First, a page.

Review: Turntable.Fm
Review: Turntable.Fm

Turntable.fm gives the music lover and DJ hopeful the sharing ability the Internet has longed for ever since the mass switch to mp3s. A beta project right now, with invites only granted if you have a Facebook friend already using the service, Turntable allows you and your friends to take turns picking tunes. Even knowledgeable people you don’t know can jump up on the DJ table and open up a whole new world of genres you never thought you’d catch yourself dancing along with in your seat. Let’s take a look at what the site has to offer.

The first page upon gaining access to Turntable gives you a list of rooms with titles revealing the kind of music the creator and its listeners are spinning. At first glance, there’s a niche for every genre from the 80s to smooth jazz. Unless changed by the room creator, the default setting allows 5 DJs. The more popular rooms have gained some consistent DJs, drawing bigger crowds. Scroll further down the list and Turntable offers some less filled rooms, allowing for a small club feel. If nothing appeals, you can quickly create your own room and start laying down some tunage. There is also a private room setting available, with it’s own unique URL you can send to friends for a private party. Hover over your friend’s and favorite DJ’s avatar to “become a fan” and be alerted whenever they start DJing across Turntable.

Once you are in a room, the user interface looks exactly like the indie clubs we all frequented before that one band we saw every weekend got huge. Big standalone speakers stand on either side of the DJ table and hovering over them offers a volume control. The front panel of the DJ table itself scrolls the name and artist info of the track playing, and hovering over it allows you tweet, Facebook, Last.fm, add the song to Spotify, or look up the rest of the artist’s tracks on iTunes. Once you gain a DJ spot, start loading songs either from your own files or search the Turntable database to build up your queue. A spotlight falls over the DJ taking their turn, and even offers a laptop branded with the operating system they are using to give you that authentic DJ feel.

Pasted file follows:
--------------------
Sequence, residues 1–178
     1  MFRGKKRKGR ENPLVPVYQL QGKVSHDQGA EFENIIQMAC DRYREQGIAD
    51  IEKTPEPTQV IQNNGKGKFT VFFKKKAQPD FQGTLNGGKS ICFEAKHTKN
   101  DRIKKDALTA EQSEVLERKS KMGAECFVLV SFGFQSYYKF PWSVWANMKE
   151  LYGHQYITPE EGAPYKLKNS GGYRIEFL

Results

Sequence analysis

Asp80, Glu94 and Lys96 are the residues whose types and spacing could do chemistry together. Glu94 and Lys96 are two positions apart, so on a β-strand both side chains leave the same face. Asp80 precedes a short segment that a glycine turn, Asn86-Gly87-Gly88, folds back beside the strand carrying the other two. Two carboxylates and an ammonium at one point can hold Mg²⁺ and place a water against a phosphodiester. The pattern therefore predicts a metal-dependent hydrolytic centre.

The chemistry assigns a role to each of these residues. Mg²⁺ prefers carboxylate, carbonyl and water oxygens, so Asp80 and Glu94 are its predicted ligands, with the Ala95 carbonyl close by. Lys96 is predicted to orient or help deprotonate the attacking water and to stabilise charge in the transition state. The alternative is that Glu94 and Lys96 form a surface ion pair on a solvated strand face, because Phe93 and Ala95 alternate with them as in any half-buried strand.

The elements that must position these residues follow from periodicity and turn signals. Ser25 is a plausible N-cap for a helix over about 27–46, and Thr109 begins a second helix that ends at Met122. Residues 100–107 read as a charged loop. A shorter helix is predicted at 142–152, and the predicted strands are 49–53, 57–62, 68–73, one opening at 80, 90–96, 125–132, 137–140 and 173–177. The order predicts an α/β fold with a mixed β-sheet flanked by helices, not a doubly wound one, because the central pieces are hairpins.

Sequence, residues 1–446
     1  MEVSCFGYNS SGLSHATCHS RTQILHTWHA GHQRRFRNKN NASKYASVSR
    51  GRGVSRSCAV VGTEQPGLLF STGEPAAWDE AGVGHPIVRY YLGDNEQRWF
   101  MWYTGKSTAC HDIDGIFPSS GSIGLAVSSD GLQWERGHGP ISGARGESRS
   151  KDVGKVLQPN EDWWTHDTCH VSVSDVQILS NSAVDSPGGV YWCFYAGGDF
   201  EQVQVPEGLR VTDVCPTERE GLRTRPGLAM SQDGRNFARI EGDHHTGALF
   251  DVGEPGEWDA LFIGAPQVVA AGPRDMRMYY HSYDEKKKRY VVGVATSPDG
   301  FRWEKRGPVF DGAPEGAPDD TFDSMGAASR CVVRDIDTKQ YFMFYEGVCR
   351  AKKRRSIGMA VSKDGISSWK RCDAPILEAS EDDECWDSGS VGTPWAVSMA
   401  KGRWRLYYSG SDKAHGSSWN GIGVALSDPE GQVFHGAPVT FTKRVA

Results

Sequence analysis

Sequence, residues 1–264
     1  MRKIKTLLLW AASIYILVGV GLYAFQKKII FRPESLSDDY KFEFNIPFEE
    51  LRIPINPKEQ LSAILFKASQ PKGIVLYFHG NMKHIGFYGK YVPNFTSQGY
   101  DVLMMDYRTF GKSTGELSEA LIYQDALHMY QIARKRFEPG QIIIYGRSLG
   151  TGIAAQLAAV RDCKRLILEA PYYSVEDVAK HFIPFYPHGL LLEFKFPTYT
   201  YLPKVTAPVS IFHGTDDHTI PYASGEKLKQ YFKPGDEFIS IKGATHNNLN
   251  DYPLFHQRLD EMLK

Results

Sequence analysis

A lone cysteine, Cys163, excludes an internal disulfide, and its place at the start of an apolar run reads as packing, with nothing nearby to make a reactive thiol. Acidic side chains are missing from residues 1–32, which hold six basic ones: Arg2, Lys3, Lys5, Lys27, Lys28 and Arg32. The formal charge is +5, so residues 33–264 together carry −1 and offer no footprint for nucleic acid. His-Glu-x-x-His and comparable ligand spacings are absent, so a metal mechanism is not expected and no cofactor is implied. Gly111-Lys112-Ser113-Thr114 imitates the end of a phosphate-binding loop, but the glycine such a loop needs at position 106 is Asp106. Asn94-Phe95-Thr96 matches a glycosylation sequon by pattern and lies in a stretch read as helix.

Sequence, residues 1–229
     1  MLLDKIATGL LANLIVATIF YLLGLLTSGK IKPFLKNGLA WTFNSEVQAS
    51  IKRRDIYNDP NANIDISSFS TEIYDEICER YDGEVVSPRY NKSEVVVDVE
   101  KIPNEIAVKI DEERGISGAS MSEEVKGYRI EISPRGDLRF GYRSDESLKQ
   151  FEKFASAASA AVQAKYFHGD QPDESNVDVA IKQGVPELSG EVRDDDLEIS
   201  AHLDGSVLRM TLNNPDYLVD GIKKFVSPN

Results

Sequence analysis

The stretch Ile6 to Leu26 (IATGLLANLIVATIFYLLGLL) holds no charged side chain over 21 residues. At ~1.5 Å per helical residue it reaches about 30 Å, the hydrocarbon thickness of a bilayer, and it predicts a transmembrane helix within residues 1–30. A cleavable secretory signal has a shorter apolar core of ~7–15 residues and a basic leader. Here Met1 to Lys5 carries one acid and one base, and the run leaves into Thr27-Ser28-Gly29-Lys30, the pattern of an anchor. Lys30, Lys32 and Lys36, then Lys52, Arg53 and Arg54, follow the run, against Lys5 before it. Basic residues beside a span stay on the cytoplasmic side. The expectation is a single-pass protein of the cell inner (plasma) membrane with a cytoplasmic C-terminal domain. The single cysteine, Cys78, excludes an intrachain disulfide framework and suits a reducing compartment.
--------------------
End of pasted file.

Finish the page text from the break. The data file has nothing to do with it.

Turntable’s presentation of the DJ reputation makes the experience very close to the competition within the scratching world. While a song is playing, listeners are able to vote a song as “Lame” or “Awesome.” Too many “Lame” votes will cause your song to be skipped, but an “Awesome” will earn your avatar points. The more points you have, the more obvious it is you have supreme taste in music. Also, the point system unlocks bizarrely fun avatars from little dudes and gals with red mohawks, to bear suits, to a likeness of Deadmau5 and Daft Punk.

The only downsides I’ve encountered are the occasional hipster supremacy or classic rock “never heard before B-sides” that can permeate the room. This kind of service wouldn’t be complete without the snobbery of the new and old rare gems. While they can occasionally gang up on the poor, unsuspecting Top 40 user, it is fun to see those same groups guilty pleasure “Awesome” some Madonna. Sometimes jockeying for a DJ spot can take time, but rooms experiencing DJ hogging tend to set up their own limit as to how many songs can be spun per DJ. The service is also only available within the US right now, sorry Polish rap stars.

Turntable.fm offers a haven for every taste of tune, while still providing an option to seclude yourself in trance and techno. I will frequently join a random room while working on writing, letting other people build the soundtrack to my day. I’ll be honest, little makes me happier than bestowing new fans of my favorites, so if you want to give the service a try or spin some tracks, drop a comment with your username, look for DJ LMack, and let’s jam.

 

Lauren Mack: Co-founder of The Well Written Woman is an aspiring writer, blogger, and overall enthusiast of brainstorms. She is currently attending Flagler College as an English major with no intentions to teach. Lauren spends a lot of time reading novels and hoping she can one day finish her own. She often wonders how they made blue cheese so delicious. Really, she is just imposing her elitist attitude on everyone.You can find her pennings at her blog and follow her on Twitter.

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